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Move Over, Druids: Halloween Is A Christian Holiday

Far from being another supposedly stolen pagan holiday, Halloween has always been tied to Christianity.


As Western culture continues to distance itself from organized religion, many people believe dearly cherished holiday traditions’ “real” histories are far different than the stories our grandparents told us. Now, it’s a common contention that even Halloween is a holiday Christianity coopted from historical Western European paganism. This is patently untrue and conveniently revisionistic, because the actual roots of Halloween can be found in Judeo-Christian traditions. Far from being another supposedly stolen pagan holiday, Halloween has always been tied to Christianity.

The tradition of remembering the deaths of saints and martyrs reaches from the Old Testament of the Bible to the New. This tradition continued in the early Christian church, and churches today still regularly observe this tradition. The “Martyrdom of Polycarp,” a history of the death of a second-century church father, discusses a day to remember all those who died in and for the faith who didn’t necessarily have a church-designated day of the year set aside for their memory.

Additional mentions of a similar “All Saint’s Day” can be found in the mid-fourth century, the late fourth century, and in 407 AD by John Chrysostom. Between 609 and 610 AD, Pope Boniface IV established May 13 as All Saint’s Day, and around 700 AD Pope Gregory III moved the commemoration to November 1. A detailed discussion of these developments in church history can be found here, and it’s worth reading. Halloween is also called All Hallow’s Eve, or All Hallow’s Day in old-timey lingo, since “hallow” means holy, so “all hallows” means holy ones.

Samhain Is Relatively Young, But Halloween Is Not

Now, discussing the history of All Saint’s Day in an article about Halloween might not make sense to some readers, but there’s a good reason for it. Biblical days, and days in general in Judaism, begin at sundown, not sunrise or in the middle of the night, as our 24-hour system has it. Halloween is the evening before All Saint’s Day itself: October 31.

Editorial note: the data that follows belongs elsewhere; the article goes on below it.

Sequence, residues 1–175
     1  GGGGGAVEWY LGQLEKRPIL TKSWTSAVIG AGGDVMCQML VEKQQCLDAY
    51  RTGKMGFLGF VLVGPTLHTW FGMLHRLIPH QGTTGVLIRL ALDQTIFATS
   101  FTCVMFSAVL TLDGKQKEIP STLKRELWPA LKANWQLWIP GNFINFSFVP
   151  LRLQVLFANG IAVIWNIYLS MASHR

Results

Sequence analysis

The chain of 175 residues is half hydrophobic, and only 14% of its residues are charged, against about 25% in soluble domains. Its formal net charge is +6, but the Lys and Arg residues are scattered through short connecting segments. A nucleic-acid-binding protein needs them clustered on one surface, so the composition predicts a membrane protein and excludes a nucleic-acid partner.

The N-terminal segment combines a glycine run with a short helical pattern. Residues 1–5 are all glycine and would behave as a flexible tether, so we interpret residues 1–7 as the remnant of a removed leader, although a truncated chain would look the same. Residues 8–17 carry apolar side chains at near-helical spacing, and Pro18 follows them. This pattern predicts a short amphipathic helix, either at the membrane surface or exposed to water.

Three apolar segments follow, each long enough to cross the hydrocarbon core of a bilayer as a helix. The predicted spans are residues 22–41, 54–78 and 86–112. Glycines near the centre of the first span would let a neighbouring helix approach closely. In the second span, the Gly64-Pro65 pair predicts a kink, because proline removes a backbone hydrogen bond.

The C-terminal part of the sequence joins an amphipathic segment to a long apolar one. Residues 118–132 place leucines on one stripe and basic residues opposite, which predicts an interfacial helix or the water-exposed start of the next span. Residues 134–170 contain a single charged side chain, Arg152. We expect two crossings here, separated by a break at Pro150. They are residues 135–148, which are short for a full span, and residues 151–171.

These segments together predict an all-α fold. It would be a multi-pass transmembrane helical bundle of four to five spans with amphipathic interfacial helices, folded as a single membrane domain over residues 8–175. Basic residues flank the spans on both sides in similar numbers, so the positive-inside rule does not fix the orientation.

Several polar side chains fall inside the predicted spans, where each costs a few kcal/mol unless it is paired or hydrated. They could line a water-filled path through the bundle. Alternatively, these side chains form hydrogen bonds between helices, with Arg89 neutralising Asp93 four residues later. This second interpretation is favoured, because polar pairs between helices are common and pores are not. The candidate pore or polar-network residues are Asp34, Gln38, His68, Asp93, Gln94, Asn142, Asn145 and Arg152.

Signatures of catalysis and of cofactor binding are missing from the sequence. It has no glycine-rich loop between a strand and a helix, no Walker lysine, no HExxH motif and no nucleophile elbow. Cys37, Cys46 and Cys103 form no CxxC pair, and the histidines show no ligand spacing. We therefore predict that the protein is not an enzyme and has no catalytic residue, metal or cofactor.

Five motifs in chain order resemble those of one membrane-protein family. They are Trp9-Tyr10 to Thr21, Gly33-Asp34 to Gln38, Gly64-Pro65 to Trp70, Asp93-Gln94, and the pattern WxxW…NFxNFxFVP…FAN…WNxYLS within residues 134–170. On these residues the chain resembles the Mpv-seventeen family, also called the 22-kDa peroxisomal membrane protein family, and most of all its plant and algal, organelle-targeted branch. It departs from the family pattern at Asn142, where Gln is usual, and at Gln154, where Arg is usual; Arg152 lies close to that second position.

Worldwide, the traditions and celebrations around this and similar days to remember the beloved dead, like Día de los Muertos, are varied and culturally dependent. But they’re not stolen ancient pagan traditions, and it’s certainly not an example of Christianity subverting ancient European paganism.

Proponents of the pagan origins of Halloween will tell you that originally the holiday was Samhain, an “ancient” Celtic holiday linked to the harvest. Samhain is also a lunar holiday, meaning the timing of the celebration inevitably shifts with the stage and phase of the moon in either direction of October 31. Additionally, there are no historically verifiable references to Halloween before the tenth century. The supposedly archaic pagan calendar placing Samhain on October 31 was created in those long-ago days of yore between the 1950s and 1970s. Far from being an ancient regular observance, it’s at most 60 years old.

There is an enormous difference between the verifiable history of these two holidays, yet people continue to claim that Samhain is the original celebration, despite the complete lack of evidence to support this claim. The reasons why and how these claims have come to be are varied. But repeating something doesn’t make it true, no matter how often and how widely it’s reported.

Don’t Be a Pagan. Celebrate Halloween!

Debating those convinced of Halloween’s pagan origin is probably considerably less fruitful than raiding your kids’ Halloween candy hauls, but centuries upon centuries of historical records are on the side of it actually having Christian, even Jewish, beginnings. The most complete and verifiable pagan records are those of cultures with no ties to Halloween or similar holidays. True, though: bastardizing other cultures’ practices for fun and profit has never stopped anyone from trying to justify it with convenient pseudo-history.

The claims of pagan roots have led many Christians to completely reject any celebration of Halloween and its traditions the night before All Saint’s Day, but it doesn’t need to be this way. Halloween is a Judeo-Christian holiday with celebrations that mock the devil and his forces of evil in the world.

So go check out that “haunted” house, if spooky frights are your thing, and carve that pumpkin. Let your kids dress up in something adorable (or freaky, whatever) and have fun. Happy Halloween!